Without space, life is absent from rhythm.

Life is rhythm therefore life is dead without rhythm. Space is integral to life.

Living in the USA is a precious gift for millions of people. The North American continent is incredibly loaded, actually overloaded, with physical resources, that make us the most powerful country in the world. 

The American way since our inception is more and more, bigger and biggest, fast and faster, rich and richer!

Motivation, energy, drive, inspired our forefathers to expand; take lands from the native Americans, win two wars against the Brits, take Texas and California from Mexico, and buy Louisiana and Alaska.

7.1 million dollars bought Alaska. At the time they called it Seward’ s Folly. Imagine if Russia still owned Alaska, there would be a two-hour flight to Seattle from Russia!  Alaska is the best land buy in our nation’s history.

Yet as valuable as motivation and drive are they have a dark side. This underbelly is called “too busy.” 

The most difficult life skill I face teaching is not to get people to try harder, do more, work more hours. No, the enormous challenge for advising givers is to get people to do less and do more of doing less.

There are two ways I know of to do less; to slow the bus down, to create rhythm in your life. You cannot have rhythm without space.

Baseball pitchers understand rhythm and space. The most difficult pitch for me to learn to throw was not the fastball or curveball; it was the soft, off-speed pitch.

The jackhammer works because it has space between the surges. 

The hammer drives the nail with rhythmic hits.

Phenomenal music has exceptional rhythm.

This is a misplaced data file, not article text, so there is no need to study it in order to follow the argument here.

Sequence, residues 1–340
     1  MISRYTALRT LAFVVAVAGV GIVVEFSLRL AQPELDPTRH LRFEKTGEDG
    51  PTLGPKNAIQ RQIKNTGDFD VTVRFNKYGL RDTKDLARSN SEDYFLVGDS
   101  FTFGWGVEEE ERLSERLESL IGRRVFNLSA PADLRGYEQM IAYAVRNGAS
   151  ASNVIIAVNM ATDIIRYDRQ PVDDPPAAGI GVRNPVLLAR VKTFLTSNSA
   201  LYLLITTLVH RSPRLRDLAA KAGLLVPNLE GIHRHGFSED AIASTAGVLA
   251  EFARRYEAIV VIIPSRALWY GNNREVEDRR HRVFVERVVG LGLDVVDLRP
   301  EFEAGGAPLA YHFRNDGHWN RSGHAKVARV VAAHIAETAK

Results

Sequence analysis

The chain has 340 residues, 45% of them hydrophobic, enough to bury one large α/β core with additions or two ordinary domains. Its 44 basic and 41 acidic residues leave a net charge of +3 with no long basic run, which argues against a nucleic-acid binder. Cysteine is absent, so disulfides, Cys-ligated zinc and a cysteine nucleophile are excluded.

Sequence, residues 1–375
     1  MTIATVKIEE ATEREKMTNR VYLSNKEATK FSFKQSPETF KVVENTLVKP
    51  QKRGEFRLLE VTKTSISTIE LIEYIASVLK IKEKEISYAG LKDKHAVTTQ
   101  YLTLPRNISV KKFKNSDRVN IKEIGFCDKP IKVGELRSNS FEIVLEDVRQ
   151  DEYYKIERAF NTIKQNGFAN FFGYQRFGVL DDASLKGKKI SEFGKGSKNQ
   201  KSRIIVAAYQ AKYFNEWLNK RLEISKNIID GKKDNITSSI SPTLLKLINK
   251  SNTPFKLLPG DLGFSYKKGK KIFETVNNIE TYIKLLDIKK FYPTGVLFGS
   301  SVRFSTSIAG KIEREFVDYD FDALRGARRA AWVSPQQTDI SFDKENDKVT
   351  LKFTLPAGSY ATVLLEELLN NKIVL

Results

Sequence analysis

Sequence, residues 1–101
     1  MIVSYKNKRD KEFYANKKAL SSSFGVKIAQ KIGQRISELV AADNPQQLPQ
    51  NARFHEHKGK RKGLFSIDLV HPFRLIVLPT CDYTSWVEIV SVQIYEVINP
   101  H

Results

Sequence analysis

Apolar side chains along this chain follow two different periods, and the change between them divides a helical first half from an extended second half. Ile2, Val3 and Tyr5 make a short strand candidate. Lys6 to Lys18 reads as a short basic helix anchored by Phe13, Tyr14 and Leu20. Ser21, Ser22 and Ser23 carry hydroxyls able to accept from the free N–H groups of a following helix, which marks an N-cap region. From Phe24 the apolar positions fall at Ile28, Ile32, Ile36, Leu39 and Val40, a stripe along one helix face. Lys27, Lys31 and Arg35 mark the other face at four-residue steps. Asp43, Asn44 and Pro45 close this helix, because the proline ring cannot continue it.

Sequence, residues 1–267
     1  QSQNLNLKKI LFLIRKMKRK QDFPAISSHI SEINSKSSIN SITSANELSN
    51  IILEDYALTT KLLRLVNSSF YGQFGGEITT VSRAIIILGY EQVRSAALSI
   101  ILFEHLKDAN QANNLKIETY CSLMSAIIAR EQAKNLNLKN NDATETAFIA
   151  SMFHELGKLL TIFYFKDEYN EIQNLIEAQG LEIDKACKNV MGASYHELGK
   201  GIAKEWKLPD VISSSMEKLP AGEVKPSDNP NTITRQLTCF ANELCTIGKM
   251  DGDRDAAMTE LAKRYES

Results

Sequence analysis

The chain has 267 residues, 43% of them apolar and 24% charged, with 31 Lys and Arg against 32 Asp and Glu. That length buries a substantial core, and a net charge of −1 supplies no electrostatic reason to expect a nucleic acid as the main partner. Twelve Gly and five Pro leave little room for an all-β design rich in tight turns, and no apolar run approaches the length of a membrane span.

Waves have rhythm. The wind has rhythm.

Space creates rhythm. Too busy is a strong indication space is missing from our lives.

Tragically far too many build a snowball in the best years of their lives; hitting their 50’s to 60’s in terrible health.

Too many die way too young because they had little or no space. Their margins were too thin.

They worked too long, too hard

They did not experience silence.

They did not have rhythm.

Two ideas to consider to increase your hope for a better you.

  1. Observe how often you hear someone say Something like, “I am so busy; I have no time for just me, life is so hectic.”
  2. Stop. Turn the keys off in your personal life engine. Change your rhythm. Work smart when you work, rest when you rest. 

The true story of a man who has given his mind, body, time and even his family for the large school he leads. 

These were my words of hope to this remarkable servant.

On the last day of school give your two bosses a sign that says, “Please do not call me during this time period. I will not be available until work begins the first day of school.”

My surprise. He did it. Few take this counsel.

Result: Family had two weeks together. They found a wonderful family rhythm. His words, “It was wonderful. Did not know I could do it. Best thing I have done in years!”